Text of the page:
Five minutes with… Dr Leah Maizey

Ella Rhodes asks the questions.

Academics at Cardiff University are set to launch a trial of a new weight-loss app called Restrain, based on cognitive control training. We spoke to Postdoctoral Research Fellow Dr Leah Maizey about the theory behind the app and what participants in the trial will experience.

Could you tell me how/why the Restrain project came about including the work and testing that led up to it and the theory behind it?
Lab-based studies have shown that training tasks that promote response inhibition or avoidance of specific food stimuli can reduce overeating (e.g. Lawrence et al., 2015, Appetite, 85, 91–103). It is thought that this training may boost cognitive control allowing better regulation of thoughts and actions to help avoid impulsive behaviours. While this work has shown promise, results do not always replicate and little is known about the mechanisms of how they work. The Restrain project takes these tasks out of the lab, delivering training via an app, to assess real-world benefits. The project aims to explore the suitability of cognitive control training (CCT) as a weight-loss tool by studying the success of numerous paradigms in the largest study of its kind. We want to establish which CCT methods work best and for whom.

Although we are testing many different CCT methods, the general aim is to break down the automatic associations people have with unhealthy foods and replace them with healthy foods. In theory, this should reduce unhealthy food consumption and promote weight loss.

What will participants in the trial experience while using the app?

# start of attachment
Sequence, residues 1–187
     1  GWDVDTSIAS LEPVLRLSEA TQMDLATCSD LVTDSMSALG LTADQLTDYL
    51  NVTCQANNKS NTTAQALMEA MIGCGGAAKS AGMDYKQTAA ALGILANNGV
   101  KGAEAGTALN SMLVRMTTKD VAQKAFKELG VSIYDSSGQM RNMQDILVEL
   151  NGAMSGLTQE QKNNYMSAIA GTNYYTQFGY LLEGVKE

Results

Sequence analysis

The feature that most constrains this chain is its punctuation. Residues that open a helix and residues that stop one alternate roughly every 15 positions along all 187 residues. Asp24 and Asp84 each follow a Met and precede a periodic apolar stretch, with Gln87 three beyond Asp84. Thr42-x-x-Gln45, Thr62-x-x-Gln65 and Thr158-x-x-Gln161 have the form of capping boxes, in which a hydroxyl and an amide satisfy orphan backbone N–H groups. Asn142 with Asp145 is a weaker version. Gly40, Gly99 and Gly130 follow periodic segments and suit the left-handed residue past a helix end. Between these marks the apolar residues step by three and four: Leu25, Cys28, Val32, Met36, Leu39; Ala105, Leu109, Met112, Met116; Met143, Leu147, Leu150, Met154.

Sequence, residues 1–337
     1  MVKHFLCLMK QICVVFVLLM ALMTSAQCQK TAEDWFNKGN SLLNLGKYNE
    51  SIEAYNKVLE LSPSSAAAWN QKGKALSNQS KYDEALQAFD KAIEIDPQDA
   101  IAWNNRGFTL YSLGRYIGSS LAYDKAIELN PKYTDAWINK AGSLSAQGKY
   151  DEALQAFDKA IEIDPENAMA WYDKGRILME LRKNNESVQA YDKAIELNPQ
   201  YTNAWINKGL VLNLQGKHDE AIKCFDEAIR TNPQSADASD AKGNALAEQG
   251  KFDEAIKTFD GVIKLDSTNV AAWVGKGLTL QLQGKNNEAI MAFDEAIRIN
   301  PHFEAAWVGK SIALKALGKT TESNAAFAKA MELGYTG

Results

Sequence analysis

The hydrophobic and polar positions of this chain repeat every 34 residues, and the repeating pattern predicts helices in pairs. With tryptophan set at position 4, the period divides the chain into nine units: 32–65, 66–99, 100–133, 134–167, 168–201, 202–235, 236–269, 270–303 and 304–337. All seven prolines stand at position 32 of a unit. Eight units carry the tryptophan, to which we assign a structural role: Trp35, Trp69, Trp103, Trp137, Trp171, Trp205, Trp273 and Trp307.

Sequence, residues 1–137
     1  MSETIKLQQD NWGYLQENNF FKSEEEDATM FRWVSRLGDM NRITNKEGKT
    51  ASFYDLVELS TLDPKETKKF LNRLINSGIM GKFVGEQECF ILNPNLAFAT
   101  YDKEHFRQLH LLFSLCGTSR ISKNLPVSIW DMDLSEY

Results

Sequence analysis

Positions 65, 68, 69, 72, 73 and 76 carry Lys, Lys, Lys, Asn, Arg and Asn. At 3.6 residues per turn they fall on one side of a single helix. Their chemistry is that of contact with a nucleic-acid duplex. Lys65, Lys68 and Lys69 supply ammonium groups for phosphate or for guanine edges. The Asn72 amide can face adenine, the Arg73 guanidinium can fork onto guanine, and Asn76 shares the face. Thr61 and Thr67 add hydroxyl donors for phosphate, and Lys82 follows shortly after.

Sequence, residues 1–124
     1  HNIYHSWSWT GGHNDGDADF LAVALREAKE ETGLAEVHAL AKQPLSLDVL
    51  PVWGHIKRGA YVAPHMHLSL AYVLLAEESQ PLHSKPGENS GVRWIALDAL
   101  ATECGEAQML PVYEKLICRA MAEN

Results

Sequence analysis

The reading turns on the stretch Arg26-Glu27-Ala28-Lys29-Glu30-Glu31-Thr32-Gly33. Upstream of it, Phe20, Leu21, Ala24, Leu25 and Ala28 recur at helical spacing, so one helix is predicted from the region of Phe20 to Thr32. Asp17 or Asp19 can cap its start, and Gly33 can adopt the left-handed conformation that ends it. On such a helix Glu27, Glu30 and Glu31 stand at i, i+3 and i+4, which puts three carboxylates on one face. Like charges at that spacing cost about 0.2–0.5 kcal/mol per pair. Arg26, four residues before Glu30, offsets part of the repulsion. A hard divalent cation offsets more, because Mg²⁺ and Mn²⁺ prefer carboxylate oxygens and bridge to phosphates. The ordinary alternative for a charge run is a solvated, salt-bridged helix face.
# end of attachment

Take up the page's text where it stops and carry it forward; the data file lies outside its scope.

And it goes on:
Participants will be randomly assigned to one of six active (or one of 10 control) CCT groups. CCT methods include response inhibition, approach-avoidance, evaluative conditioning and implementation-intention-based training.

Each day participants will complete either training (a gamified version of a CCT exercise) or tasks and questionnaires designed to assess the outcomes of using the app (primarily weight and eating habits) or to assess individual differences that may influence the efficacy of training (including personality, willpower beliefs, mood and hunger). Using the app should take approximately 10 minutes per day.

As it is possible that personalised training may be more effective, participants are asked to select unhealthy foods that they would like to eat less of, and healthy foods that they would like to eat more, from a virtual supermarket.

How many participants are you hoping to recruit, when will the trial start and how long will it last?
We are hoping to recruit 48,000 participants from around the world, promoting the app through a bespoke website that we are creating, ScienceForge, and the media. The app is due to launch at the end of January or early February. Data will be collected for a minimum of one year.

If the trial is successful what will be the next steps for the project?
The second aim of the Restrain project is to further our understanding of the effects of CCT on brain neurophysiology and neurochemistry, and how individual neurobiological differences themselves may influence CCT outcomes. Our investigations will focus on neural networks known to mediate reward and emotion, and those presumed to exert top-down executive control. Using a combination of imaging and stimulation techniques, we aim to establish the role of white matter microstructure and functional connectivity between cortical and subcortical structures in food-related decision making. Furthermore, the role of excitatory and inhibitory neurotransmitters previously implicated in both response inhibition and approach-avoidance tendencies will also be explored.

- To find out more about the trial and to register your interest in taking part see

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